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Due diligence requirements
What due diligence is necessary for buyers?
Depending on the type of transaction (asset deal or share deal), the buyer usually conducts legal, financial, technical or tax due diligence, including various question and answer sessions with the target’s management.
Danish law has no mandatory rule requiring due diligence; however, the possibility to file a claim against the seller may be limited in some cases if the buyer chooses not to conduct due diligence otherwise encouraged by the seller.
What information is available to buyers?
The Danish Company Register contains publicly available information, such as annual reports, articles of association and information on companies’ management.
Listed companies must disclose internal knowledge that may be considered price sensitive. Any information beyond that must be obtained from the target or seller.
What information can and cannot be disclosed when dealing with a public company?
The disclosure must comply with the Securities Trading Act and the EU Regulation on Abuse, which provides that disclosure can be made only if it is considered appropriate and in the shareholders’ interest. Further, disclosures are usually conditional on completing a non-disclosure and non-trading agreement, since the target would otherwise have to share the disclosed information with the public as well. Persons granted access to price-sensitive information through due diligence will be placed on the companies’ insider list and will thereby be prohibited from trading (except with other insiders and in connection with a public tender offer).
When submitting a public tender offer, the board of directors will often choose to publish a disclosure notice immediately where the inside information disclosed to the bidder during due diligence is revealed to the public.
How is stakebuilding regulated?
If a person acting alone or with others actively acquires shares in a listed company which carry sufficient voting rights to obtain control of the company (directly or indirectly), this person must submit a mandatory public offer to the remaining shareholders.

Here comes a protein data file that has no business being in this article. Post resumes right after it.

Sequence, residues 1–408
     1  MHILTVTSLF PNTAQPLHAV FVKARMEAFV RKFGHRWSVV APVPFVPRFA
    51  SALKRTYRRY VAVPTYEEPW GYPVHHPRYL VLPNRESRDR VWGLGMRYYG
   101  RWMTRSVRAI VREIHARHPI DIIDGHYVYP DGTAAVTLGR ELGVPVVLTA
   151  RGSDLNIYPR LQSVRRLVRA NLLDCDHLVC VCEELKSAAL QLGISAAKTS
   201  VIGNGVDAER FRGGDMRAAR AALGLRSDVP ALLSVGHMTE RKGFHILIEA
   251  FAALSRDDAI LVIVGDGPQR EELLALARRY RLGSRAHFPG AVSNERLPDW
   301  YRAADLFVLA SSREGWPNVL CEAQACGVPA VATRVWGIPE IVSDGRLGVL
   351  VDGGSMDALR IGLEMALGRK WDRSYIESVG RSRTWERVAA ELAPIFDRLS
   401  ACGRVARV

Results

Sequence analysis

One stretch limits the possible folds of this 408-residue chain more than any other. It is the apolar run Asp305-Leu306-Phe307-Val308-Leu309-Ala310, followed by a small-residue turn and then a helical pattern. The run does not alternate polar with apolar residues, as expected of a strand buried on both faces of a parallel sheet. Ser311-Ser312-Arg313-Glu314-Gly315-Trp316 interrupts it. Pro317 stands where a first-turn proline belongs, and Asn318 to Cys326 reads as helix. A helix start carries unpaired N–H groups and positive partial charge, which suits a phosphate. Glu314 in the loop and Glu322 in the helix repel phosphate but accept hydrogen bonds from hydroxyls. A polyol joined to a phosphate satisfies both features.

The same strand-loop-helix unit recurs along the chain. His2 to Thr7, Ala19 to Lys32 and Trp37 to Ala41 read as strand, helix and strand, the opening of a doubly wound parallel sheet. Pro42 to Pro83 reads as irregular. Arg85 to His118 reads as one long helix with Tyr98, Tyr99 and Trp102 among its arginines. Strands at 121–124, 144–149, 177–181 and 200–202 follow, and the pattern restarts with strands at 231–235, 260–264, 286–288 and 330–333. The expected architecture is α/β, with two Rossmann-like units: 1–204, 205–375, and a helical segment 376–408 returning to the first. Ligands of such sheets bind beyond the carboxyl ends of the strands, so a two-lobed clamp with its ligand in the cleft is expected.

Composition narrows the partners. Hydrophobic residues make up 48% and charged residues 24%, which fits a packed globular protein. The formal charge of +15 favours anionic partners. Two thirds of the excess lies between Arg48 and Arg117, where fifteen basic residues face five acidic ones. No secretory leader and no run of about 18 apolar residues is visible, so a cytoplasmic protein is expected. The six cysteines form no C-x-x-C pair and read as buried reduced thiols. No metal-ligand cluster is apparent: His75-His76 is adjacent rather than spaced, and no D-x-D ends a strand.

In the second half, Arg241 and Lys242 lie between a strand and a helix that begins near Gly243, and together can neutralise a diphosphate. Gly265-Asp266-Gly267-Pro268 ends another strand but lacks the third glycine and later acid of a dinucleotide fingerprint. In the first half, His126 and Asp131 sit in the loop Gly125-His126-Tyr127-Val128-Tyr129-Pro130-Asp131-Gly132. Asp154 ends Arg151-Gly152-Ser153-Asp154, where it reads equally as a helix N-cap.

A person is considered to have control of a listed company when, directly or indirectly, it owns shares carrying one-third or more of the voting rights, unless it is evident that this shareholding does not give the shareholder control of the company.
Voting rights are calculated through unconditional call options and warrants, as well as the shares of the target and its subsidiaries.
Further, a shareholder that does not own shares carrying one-third of the voting rights will be considered to have control of a company when it:
- controls one-third of the voting rights through agreements with other shareholders;
- controls the company's operational and financial matters under the company's articles or through other agreements; or
- has the capacity to appoint or remove the majority of the board of directors.
A mandatory offer is not triggered if the acquisition is a result of a voluntary public tender offer, where the bidder obtains at least 50% of the voting rights.
Further, the Danish Financial Supervisory Authority may choose to exempt from the obligation to submit a mandatory offer under extraordinary circumstances – for example, if a takeover is executed through an increase of capital in a company in distress.
In addition to the rules regarding mandatory public offers, persons that possess more than 5%, 10%, 15%, 20%, 25%, 33.3%, 50%, 66.6% or 90% of the share capital or voting rights must notify the Danish Financial Supervisory Authority and the stock market (by notification to the target) as soon as possible after passing one of the mentioned thresholds.
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